We may be known as the lucky country, but many in Australia who are battling the loss of employment due to technological advancement no longer feel that way. But Australians can still be lucky, we just have to work harder to make our own luck.
The erosion of trust starts with poor human behaviour, but it’s amplified by misuse and misunderstanding of technology.
Australia is suffering a trust deficit thanks to failures, across the board, of its institutions.
One by one, we’ve seen the shine chipped off governments, businesses, the media, trade unions, churches, schools, universities and hospitals. Even sport, our beloved national retreat from reality, has lost its allure.
Parts of the life we value are losing their promise: our school students are not progressing at the same rate as students in other competitive nations; we say we love the bush but we don’t want to live there; we are more attracted to reality television than any of the cultural output of an innovative creative community; and our hopes for a comfortable retirement are tangled in debates about tax, imputation and regulation that keeps changing around us.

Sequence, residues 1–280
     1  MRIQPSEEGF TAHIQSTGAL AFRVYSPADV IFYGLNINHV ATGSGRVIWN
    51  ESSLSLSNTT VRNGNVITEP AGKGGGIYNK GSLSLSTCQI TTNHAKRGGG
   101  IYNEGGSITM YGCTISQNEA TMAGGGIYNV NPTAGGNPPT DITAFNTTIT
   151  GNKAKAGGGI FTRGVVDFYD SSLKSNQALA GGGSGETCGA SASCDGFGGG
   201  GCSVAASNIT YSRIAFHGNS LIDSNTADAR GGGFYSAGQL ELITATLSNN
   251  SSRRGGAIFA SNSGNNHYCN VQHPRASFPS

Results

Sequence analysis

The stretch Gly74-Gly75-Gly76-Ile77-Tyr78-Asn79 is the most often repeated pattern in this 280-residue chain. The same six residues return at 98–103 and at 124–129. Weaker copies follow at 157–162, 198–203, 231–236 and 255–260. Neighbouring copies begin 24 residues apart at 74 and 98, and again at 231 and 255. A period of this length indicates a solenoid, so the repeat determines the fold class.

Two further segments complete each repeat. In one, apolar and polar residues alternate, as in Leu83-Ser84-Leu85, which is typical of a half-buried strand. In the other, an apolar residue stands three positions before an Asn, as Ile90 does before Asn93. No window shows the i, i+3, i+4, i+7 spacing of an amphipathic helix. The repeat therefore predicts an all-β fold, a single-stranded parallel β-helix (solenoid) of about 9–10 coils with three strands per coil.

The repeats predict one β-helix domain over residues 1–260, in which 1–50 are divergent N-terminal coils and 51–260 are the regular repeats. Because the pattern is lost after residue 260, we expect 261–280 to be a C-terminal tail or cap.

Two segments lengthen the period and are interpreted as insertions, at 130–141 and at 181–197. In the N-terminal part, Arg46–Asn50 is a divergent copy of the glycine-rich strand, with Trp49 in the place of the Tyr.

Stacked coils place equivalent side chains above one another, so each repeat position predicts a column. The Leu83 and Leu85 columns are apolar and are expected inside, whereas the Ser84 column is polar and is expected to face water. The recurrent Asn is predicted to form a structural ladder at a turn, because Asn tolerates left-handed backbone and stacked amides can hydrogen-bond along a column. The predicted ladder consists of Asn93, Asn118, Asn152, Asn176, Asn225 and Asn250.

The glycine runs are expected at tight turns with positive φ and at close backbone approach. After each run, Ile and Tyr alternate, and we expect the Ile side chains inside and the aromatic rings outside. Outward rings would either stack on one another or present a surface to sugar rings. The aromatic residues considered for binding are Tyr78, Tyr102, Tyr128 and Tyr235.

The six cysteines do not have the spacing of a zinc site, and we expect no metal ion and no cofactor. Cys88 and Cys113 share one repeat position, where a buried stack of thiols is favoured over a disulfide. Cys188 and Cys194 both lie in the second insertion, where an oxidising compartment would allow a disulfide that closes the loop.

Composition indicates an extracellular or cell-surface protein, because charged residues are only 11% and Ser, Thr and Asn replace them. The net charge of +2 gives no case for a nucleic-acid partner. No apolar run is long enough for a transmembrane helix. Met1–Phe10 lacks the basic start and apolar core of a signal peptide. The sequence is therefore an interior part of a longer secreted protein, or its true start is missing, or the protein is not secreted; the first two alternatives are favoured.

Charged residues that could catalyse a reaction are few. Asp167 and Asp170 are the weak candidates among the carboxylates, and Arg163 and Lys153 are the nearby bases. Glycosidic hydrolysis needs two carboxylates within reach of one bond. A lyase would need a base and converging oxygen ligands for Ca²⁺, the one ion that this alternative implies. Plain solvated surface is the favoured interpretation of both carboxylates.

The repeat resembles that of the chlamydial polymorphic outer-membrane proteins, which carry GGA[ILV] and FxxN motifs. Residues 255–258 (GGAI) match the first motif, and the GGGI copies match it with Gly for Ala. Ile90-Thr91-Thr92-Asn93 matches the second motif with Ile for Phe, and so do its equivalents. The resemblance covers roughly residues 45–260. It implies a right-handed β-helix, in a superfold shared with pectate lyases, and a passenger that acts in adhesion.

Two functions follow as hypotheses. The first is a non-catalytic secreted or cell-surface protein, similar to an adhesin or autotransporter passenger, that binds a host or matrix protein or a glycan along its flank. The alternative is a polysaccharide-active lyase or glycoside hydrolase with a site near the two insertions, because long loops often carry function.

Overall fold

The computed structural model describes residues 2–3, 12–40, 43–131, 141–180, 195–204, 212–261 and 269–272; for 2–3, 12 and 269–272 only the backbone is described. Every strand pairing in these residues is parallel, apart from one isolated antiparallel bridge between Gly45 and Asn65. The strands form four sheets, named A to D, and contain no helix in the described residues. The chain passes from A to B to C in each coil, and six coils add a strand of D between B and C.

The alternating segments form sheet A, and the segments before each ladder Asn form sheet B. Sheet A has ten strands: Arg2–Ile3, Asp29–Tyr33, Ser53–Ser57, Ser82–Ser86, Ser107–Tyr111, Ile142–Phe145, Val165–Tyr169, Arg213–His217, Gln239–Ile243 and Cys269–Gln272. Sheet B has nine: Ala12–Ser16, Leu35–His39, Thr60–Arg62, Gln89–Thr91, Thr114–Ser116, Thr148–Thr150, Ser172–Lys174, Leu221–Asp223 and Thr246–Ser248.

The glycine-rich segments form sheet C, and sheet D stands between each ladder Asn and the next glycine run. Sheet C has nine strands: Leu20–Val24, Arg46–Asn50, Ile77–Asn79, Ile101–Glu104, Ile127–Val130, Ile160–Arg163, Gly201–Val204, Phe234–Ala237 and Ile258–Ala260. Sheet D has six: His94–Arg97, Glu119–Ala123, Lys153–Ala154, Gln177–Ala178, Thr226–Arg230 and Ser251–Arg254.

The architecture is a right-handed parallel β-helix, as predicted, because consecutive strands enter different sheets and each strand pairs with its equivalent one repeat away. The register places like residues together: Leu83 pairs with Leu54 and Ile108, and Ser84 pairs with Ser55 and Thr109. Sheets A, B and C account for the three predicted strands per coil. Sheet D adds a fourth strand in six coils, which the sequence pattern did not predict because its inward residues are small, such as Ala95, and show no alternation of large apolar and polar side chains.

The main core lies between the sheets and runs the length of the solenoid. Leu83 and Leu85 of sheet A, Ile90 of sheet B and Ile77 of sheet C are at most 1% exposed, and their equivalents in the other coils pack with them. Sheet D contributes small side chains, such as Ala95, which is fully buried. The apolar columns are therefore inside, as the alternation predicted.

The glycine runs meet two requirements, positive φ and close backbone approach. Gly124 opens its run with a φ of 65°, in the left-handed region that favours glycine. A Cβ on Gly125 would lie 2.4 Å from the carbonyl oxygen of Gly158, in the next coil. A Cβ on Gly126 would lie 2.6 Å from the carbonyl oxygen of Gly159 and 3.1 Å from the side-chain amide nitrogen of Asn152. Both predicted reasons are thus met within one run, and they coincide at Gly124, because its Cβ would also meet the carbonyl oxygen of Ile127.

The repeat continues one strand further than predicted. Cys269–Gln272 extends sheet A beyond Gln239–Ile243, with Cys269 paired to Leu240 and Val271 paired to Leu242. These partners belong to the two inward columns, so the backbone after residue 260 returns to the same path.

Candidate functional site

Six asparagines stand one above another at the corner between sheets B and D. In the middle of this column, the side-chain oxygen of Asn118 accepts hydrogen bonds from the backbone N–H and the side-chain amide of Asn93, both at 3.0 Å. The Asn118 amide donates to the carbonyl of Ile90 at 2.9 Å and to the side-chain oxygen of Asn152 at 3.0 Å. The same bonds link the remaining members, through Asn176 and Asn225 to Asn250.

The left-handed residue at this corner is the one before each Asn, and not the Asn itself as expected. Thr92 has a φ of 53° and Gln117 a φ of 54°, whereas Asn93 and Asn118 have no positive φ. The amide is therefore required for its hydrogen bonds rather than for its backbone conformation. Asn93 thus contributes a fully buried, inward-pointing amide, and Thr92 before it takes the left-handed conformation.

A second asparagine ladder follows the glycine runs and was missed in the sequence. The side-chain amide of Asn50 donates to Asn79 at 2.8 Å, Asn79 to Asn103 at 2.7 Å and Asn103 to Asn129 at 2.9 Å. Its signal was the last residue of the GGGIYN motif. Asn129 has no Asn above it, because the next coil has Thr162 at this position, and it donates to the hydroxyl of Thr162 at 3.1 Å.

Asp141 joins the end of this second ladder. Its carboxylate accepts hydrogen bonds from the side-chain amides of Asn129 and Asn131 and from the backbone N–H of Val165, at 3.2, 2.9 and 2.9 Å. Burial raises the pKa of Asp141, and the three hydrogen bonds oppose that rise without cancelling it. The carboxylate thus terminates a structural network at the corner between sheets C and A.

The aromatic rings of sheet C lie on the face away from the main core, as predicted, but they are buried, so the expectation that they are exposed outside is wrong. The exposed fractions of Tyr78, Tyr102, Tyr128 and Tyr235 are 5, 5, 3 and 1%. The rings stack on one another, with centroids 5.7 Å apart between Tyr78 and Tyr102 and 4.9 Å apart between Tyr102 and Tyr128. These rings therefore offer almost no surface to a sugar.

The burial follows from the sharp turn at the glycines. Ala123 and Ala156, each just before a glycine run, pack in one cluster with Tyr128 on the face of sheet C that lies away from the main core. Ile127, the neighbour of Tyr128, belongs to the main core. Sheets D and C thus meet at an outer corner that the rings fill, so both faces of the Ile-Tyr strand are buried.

And our belief in the sanctity of hard work is being undermined by the declining prospects for work itself.
Because here’s the reality for Australia entering the third decade of its third century: technology is moving up the food chain of the workforce, not just replacing blue-collar work but moving in on the brain-based occupations we thought safe from disruption.
Accountants, lawyers, journalists, engineers, draftsmen - anyone who relies on precedents to process masses of data - are in the sights of artificial intelligence which can more accurately and cheaply do the jobs that have be